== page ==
Weather and Climate
The south coast and it’s waterfalls experience cold winters (around freezing) and mild summer months with temperatures around 11°C (52°F). However, Iceland’s south coast experiences a milder climate in winter than you might think. This is due to the Gulf Stream that flows along the west and south coast, bringing pleasant air from the Caribbean. The summers are short with only 3 months where temperatures are considered warm. Regardless of the season: Weather in Iceland can change very quick. Always be prepared and pack an extra sweater as well as rain gear. Please note, that the temperature chart below shows the average high temps from a weather station (Stórhöfði) which is located 40 km from Skogafoss and on a small island. Degrees can vary at the waterfall.
'Skógafoss! With a stunning 60m drop it's one of the biggest and most impressive waterfalls in Iceland. The melting water from two glaciers feeds this waterfall, creating a thundering flow year-round. You'll be amazed by its sheer power.'
Skogafoss means 'Forest Waterfall' when translated. It is one of the most popular waterfalls in Iceland. One reason is probably that it's right on the main road (Ring Road) and can be easily seen from the distance while driving. While approaching Skogafoss from the highway, you already get the impression that you won't forget this amazing visit anytime soon. The drive from Reykjavik takes less than 2 hours (149 km, Google Maps Directions Reykavik - Skogafoss). Some say it can be visited from Reykjavik together with Seljalandsfoss, the other famous falls, within a day. However, Iceland experts don't recommend it: TripAdvisor - Skogafoss and Seljalandsfoss Visit. Instead, follow our tips above and stay at least one night in a nearby hotel. It's totally worth it!
Legend (Treasure Chest)
A legend has it that a Viking with the name of Þrasi Þórólfsson hid a chest of gold under the falls. That was supposed to happen around the year 900 AD. Later many locals tried to find that chest. One almost made it: He was able to tie a rope to the ring on the side of the chest. However, he didn't succeed to pull the whole chest. The only thing he retrieved was the ring itself. This ring was then handed over to the church of Skógar, where it was used for the church door. Now you can find this legendary ring at Skógar Museum, which is located only 1.7 km (5 minute drive) from the falls. The actual gold chest has not been found as of this point of time. Today, when locals see the rainbows appearing from the underneath the fall, they say it's the reflection of the hidden gold chest.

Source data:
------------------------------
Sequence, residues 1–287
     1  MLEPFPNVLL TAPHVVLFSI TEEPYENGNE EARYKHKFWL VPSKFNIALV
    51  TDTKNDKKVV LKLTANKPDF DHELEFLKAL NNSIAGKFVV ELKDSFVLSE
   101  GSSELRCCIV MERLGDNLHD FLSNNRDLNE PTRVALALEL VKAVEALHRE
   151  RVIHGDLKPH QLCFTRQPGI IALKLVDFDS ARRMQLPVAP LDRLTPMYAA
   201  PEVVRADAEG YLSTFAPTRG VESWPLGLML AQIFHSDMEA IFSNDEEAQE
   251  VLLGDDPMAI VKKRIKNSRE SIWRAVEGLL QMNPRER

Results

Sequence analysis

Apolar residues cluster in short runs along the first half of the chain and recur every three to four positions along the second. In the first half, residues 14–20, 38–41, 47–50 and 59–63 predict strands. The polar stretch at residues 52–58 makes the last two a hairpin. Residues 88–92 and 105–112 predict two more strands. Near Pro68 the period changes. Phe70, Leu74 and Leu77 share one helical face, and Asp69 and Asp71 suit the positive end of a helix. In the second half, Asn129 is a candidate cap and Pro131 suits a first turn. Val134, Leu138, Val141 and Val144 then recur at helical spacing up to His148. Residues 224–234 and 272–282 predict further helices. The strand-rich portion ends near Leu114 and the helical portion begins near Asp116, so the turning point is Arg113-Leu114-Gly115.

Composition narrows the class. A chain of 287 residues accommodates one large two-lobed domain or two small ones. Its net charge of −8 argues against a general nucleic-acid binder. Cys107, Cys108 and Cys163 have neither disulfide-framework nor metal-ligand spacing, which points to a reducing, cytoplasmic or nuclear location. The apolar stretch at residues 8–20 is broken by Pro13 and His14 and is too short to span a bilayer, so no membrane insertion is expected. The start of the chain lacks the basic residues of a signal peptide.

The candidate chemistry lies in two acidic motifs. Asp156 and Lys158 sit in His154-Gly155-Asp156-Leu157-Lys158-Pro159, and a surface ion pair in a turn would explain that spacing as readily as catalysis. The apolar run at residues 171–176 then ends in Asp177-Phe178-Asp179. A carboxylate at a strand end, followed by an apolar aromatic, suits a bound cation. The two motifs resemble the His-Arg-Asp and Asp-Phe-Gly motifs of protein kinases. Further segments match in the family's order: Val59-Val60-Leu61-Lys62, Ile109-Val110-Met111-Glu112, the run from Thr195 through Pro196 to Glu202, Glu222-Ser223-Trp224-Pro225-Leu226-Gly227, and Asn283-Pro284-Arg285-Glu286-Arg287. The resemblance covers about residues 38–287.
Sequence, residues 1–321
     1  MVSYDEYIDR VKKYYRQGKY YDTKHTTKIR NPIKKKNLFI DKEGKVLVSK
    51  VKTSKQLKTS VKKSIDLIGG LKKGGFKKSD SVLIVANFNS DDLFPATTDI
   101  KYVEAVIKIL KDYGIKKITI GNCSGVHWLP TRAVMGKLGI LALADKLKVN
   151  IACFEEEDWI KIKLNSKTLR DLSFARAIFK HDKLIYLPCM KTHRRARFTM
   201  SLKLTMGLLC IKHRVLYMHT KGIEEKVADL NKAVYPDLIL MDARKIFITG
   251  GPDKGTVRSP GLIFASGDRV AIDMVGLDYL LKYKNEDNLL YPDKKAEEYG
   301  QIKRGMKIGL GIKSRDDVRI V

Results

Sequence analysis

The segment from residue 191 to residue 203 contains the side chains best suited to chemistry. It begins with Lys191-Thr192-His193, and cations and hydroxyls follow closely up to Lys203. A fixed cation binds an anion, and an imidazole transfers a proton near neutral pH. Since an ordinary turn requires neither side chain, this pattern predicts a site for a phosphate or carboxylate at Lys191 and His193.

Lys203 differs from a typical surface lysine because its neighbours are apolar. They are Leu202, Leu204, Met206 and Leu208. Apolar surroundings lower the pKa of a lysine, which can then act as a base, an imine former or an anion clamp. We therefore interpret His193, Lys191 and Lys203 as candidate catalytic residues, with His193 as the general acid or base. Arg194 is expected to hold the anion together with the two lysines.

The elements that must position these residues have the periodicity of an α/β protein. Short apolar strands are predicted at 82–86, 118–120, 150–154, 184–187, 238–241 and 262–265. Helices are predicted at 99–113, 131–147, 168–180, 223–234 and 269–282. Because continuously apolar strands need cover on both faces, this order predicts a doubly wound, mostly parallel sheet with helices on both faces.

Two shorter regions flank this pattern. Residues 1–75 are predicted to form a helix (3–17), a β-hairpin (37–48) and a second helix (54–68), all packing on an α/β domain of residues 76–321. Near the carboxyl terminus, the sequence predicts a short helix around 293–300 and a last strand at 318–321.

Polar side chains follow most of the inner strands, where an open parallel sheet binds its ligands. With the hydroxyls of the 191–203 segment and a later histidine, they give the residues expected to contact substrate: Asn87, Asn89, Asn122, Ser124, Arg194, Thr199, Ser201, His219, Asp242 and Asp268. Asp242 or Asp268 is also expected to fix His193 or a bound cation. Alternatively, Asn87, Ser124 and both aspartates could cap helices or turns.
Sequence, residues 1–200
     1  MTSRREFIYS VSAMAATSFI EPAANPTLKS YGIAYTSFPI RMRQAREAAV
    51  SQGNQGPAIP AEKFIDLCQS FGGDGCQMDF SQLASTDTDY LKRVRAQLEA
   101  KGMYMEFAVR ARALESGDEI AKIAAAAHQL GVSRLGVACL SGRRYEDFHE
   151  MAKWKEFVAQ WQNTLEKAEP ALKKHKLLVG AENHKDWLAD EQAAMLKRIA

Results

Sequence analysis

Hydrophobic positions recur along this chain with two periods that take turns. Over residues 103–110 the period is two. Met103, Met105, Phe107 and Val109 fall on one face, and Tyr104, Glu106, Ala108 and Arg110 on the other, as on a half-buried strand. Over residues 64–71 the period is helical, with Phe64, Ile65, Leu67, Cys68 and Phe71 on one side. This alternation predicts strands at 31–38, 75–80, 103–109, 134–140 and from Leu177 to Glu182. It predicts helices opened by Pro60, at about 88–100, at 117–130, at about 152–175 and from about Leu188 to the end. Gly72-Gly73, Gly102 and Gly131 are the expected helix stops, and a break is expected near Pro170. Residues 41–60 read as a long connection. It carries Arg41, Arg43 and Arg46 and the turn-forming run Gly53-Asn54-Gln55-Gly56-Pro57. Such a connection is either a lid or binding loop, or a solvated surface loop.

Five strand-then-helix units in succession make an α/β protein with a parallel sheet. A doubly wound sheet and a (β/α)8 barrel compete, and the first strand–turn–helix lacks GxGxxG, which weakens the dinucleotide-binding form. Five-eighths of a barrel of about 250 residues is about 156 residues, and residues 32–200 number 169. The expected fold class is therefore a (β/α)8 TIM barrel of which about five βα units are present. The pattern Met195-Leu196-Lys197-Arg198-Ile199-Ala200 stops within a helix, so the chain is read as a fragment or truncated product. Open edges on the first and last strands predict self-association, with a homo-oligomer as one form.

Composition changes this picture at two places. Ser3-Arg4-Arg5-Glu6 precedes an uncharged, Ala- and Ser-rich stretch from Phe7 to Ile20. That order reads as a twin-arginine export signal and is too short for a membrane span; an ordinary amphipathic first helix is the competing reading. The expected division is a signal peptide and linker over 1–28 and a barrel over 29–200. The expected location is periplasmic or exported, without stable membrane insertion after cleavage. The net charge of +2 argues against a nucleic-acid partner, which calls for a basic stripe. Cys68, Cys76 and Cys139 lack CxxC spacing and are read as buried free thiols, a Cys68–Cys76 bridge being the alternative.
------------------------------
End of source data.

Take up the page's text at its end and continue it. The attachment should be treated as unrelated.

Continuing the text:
Skogafoss waterfall is situated on the Skoga River. It is fed by two glaciers which are the water sources for the falls: Eyjafjallajokull and Myrdalsjokull. The waterfall cliffs were once the actual coastline, which receded into the sea over hundreds and thousands of years. Nowadays the shoreline is about five 5 km south of Skogafoss. The waterfall stretches to over 25m (100 feet) creating a wide curtain of water. Due to its stunning height of 63 m (227 feet) it produces large amounts of spray and of course those famous rainbows on a sunny day.
How to Visit
Many people visit Iceland's waterfalls via tours in busses or jeeps. Others with a rental car. Arriving at Skogafoss, you'll notice that the parking lot is right at the waterfalls. After you get out of your car or bus, there are basically three options: 1. Stay at the base area 2. Climb up the stairs 3. Climb up the stairs and walk even farther along the river to discover more waterfalls.
Stay at the Base Area
Even if you stay at the bottom and don't climb up, it's worth visiting this waterfall. On a sunny day there are multiple rainbows visible. The closer you get to the base of the falls the more visible they are. But be prepared to get wet, especially when you get closer. Many visitors report that the spray of the falls get you wet quickly, even from a distance.
Climb the Stairs